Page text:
By Frédéric Meyer – Meyer Avocats Genève

Appointing an escrow agent is a widespread practice in pre-owned business aircraft sales. This brings several benefits to the transaction, i.a. a specialised, independent and trusted agent verifies and files the aircraft transfer and/or de-registration documents with the civil aviation authorities at the closing of the sale (when the aircraft is registered or will be re-registered in the country of the escrow agent). It also guarantees, through the involvement of an intermediary, a certain degree of simultaneity in the closing exchange (purchase price versus title transfer documents), thereby limiting the risk that a party finds itself, to the detriment of the other, holder of both the purchase price and title to the aircraft. Finally, this simultaneity helps ascertaining with certainty the exact time of the transfer of title. This reduces the risk that a creditor of the seller claims against the aircraft at a point when the buyer has already transferred the purchase price while the title transfer (which may require complex formalities) has not yet been completed or perfected.

With the internationalisation of transactions, the last two benefits are gaining importance, while the first is becoming secondary. Indeed, over the past two decades, it has become frequent to see escrow agents involved in transactions unrelated to the civil aviation authorities of their country. For example, parties to the sale of an aircraft registered in Europe and intended to be re-registered in Bermuda may well appoint an escrow agent based in Oklahoma (which is the location of the Aircraft Registration Branch of the US Federal Aviation Administration). In such scenarios, no contacts or filings with the civil aviation authorities are however expected from the escrow agent. Hence, it is primarily for its role as a coordinator, responsible for the simultaneous exchanges, that the parties appoint an escrow agent.

Role of the escrow agent in the transaction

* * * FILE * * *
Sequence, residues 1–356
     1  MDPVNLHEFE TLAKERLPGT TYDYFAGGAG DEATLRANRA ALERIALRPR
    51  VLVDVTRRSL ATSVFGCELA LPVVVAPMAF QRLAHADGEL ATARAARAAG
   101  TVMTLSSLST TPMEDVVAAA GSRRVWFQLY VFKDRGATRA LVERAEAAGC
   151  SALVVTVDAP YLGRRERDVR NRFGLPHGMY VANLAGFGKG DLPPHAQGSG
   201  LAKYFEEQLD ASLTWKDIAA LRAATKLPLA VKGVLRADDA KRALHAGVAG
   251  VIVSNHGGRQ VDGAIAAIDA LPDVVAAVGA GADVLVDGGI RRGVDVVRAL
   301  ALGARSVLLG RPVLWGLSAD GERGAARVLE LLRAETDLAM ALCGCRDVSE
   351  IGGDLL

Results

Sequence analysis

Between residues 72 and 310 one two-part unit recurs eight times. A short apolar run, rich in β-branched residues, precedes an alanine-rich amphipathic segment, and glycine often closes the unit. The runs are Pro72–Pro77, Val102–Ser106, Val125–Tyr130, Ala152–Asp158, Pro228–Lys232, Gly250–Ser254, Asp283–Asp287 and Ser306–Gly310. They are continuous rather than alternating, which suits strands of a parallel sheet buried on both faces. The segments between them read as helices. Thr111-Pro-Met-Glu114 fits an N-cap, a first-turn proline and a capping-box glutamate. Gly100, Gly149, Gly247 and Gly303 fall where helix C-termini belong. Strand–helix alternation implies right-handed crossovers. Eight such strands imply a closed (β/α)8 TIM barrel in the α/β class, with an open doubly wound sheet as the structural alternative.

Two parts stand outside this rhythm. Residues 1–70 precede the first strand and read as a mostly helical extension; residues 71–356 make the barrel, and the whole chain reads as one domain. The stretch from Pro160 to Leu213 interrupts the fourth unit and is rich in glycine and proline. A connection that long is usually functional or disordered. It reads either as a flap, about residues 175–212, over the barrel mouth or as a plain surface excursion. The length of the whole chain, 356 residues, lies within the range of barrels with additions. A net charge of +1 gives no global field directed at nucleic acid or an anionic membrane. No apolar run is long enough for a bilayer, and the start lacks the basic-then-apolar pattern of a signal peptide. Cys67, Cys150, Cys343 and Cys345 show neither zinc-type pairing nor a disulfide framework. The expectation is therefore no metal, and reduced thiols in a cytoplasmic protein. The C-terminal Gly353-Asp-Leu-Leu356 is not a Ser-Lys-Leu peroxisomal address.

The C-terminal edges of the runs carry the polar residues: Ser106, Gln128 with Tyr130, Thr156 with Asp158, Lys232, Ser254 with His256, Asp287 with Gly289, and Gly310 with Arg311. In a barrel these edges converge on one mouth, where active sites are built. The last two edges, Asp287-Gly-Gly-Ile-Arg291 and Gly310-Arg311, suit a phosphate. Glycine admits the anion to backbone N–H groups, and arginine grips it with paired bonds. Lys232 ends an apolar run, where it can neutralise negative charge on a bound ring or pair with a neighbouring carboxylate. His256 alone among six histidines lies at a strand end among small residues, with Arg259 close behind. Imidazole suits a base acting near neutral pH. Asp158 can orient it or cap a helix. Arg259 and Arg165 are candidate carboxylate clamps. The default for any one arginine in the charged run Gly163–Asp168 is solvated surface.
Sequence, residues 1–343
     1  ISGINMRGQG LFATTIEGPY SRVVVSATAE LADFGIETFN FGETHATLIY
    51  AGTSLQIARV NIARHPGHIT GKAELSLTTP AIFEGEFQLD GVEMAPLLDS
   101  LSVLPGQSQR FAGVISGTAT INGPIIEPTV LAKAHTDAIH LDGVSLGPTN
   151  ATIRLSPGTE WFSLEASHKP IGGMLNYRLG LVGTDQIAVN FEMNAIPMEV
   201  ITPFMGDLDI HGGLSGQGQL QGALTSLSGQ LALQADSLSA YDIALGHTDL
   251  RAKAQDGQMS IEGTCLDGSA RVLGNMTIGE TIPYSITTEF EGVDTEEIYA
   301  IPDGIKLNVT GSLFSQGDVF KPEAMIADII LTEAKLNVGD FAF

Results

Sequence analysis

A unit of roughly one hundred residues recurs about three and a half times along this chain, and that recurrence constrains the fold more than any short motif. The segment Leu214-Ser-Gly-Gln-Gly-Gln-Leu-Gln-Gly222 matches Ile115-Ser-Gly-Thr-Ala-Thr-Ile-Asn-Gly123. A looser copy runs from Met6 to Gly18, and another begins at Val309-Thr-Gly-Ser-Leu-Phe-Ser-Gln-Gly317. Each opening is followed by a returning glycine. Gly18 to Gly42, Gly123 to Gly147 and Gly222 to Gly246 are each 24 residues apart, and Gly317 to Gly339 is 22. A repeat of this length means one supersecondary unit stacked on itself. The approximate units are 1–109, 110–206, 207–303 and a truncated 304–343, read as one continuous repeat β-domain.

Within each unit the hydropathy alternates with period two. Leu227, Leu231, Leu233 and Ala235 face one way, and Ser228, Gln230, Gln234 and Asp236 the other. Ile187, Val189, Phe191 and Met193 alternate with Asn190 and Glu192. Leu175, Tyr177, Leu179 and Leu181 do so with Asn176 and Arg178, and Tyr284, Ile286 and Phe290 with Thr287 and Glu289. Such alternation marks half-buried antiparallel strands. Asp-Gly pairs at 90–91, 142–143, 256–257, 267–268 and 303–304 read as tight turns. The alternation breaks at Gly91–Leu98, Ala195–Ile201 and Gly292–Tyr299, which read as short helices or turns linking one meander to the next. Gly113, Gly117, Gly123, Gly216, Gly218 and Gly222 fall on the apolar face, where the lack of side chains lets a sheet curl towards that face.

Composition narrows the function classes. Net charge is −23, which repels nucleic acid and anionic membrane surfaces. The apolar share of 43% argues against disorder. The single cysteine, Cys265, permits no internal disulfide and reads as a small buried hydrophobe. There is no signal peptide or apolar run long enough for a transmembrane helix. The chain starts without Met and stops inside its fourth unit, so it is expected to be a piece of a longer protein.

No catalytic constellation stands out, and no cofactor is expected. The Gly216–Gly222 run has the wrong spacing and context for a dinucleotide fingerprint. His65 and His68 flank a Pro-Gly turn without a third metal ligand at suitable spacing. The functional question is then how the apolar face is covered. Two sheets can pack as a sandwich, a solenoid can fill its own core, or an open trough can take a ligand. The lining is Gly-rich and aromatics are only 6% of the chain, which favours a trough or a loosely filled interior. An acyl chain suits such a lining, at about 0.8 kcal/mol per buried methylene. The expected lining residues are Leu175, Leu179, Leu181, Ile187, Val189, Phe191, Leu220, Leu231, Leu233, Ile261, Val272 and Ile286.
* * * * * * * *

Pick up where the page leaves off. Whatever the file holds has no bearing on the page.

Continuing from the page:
In short, prior to the time of closing, the escrow agent receives and keeps the purchase price and the title transfer documents (bill of sale, assignment of warranties, etc.) and when applicable, de-registration forms signed but not dated, on behalf of the sending party. As soon as all conditions precedent to closing are met, the parties request the escrow agent to close the transaction. The closing is done by dating and releasing to the buyer the transfer documents and transferring the purchase price to the seller, as well as filing de-registration and title transfer documents with the applicable registry (when the aircraft is registered in the country of the escrow agent). These exchanges and filings coincide with the transfer of title and risks to the aircraft.

©Mat Douhaire

Closing Call

Frequently, the parties to a purchase agreement provide for the closing of the sale to take place on a conference call. During the closing call, their representatives confirm to the escrow agent that the conditions precedent to the sale are met and instruct him to proceed with the exchange. On receipt of such instructions, the escrow agent performs the closing actions. Once such actions are completed, the escrow agent confirms to the parties either orally (if the parties remain on the call after issuance of the closing instructions) or by email (if the parties hung up) that the closing has occurred. Then, the escrow agent sends via e-mail copy of the dated transfer documents to the buyer and confirmation of the transfer of funds (Fed wire or Swift confirmation) to the seller.

All industry players have attended such conference calls, involving the escrow agent, lawyers, brokers, operators and/or bankers, based in different time zones, with everyone trying to follow the discussion and to be heard, in an often sympathetic but sometimes tense or even conflicting atmosphere. It is not uncommon, especially when the parties are poorly prepared, that these sessions turn into chaos. For example, it happens that a party questions at the very last moment the achievement of a condition precedent to the surprise of the other participants; or several participants, often unidentified and in a sometimes surprising sound environment, start speaking out at the same time, using confusing or even contradictory language.

The foregoing shows that the oral and instant nature of a closing by telephone raises several problems the consequences of which can be serious both for the parties and the escrow agent: